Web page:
It is a sine qua non of legal practice that lawyers should not allow themselves to act for two clients whose interests may, potentially, conflict. However, this principle is being placed under increasing pressure, the main reasons for this being increased demand for specialist legal services, the globalisation of commerce, a dramatic growth in the size of leading law firms, and significantly greater mobility within the legal profession. As a result, there is a growing trend, especially within the commercial legal environment, for solicitors to face conflicts of interest which have no easy solution. Increasingly, conflicts are being 'managed', rather than avoided altogether. This is a field within which the Law Society's own rules are flouted on a daily basis, and in which these rules appear increasingly at odds with the common law. Based on extensive interviews with lawyers and their clients, this book provides the first thorough consideration of how conflicts of interest are handled within law firms. It will be essential reading to all those who have an interest in professional legal ethics, including law students, legal scholars, practitioners, and regulators.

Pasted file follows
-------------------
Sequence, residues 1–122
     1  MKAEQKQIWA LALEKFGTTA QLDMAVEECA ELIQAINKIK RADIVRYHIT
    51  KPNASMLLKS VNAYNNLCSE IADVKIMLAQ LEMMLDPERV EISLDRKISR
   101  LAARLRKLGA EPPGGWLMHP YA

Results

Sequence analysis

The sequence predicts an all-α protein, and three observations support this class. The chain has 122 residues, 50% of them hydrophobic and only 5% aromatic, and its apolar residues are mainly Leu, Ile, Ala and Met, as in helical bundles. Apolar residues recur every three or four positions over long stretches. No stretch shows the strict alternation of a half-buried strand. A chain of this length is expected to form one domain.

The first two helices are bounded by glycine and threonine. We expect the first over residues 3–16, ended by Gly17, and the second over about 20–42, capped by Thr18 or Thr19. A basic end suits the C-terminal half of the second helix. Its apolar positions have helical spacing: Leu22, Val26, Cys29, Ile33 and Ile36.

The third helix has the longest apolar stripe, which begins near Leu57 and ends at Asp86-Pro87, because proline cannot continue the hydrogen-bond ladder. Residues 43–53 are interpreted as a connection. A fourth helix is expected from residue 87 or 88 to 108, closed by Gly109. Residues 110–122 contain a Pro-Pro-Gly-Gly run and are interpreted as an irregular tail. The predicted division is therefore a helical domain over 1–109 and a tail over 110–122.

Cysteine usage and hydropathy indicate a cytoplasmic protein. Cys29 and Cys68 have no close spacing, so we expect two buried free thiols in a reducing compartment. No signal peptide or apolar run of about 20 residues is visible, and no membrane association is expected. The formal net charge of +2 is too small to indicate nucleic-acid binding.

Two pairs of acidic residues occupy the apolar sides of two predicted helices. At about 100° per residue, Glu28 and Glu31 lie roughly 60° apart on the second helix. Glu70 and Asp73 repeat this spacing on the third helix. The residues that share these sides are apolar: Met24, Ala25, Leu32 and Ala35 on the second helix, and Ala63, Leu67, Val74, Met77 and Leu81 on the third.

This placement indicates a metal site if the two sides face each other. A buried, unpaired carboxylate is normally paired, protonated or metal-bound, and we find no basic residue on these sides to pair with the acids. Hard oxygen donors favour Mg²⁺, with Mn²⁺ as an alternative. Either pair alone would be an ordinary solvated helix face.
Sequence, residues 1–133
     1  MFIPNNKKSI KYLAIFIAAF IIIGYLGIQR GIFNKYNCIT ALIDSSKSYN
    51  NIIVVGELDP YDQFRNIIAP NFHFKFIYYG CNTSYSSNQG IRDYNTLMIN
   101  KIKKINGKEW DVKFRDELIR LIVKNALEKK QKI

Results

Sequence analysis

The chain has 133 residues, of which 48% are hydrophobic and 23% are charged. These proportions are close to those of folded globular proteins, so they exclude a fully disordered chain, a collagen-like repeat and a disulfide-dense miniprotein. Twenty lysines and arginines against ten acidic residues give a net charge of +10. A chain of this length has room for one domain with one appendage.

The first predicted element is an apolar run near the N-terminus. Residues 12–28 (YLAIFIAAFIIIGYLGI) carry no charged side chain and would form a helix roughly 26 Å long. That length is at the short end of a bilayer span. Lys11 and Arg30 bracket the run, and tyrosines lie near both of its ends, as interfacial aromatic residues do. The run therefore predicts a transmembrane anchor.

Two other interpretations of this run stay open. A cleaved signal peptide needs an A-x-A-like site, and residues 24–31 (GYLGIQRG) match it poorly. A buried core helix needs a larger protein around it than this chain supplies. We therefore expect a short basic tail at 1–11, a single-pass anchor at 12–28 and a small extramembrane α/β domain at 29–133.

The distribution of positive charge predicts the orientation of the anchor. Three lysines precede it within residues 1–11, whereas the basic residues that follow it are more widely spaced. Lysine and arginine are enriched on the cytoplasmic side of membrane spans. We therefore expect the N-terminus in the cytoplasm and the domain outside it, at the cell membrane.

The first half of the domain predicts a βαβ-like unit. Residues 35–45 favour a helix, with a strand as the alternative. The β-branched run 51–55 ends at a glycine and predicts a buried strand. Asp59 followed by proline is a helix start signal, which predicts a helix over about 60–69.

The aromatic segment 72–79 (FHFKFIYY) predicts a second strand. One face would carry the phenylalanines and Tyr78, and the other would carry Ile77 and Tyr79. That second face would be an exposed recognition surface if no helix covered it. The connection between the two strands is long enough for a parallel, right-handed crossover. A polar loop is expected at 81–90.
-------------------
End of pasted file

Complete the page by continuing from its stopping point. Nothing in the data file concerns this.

This is a timely work, which should do much to inform the debate within the profession as to the applicability of the law, and the profession's own rules, to the linked issues of client confidentiality and conflict of interest in the modern legal world. Simon Young, LawGroup UK New Law Journal May 2003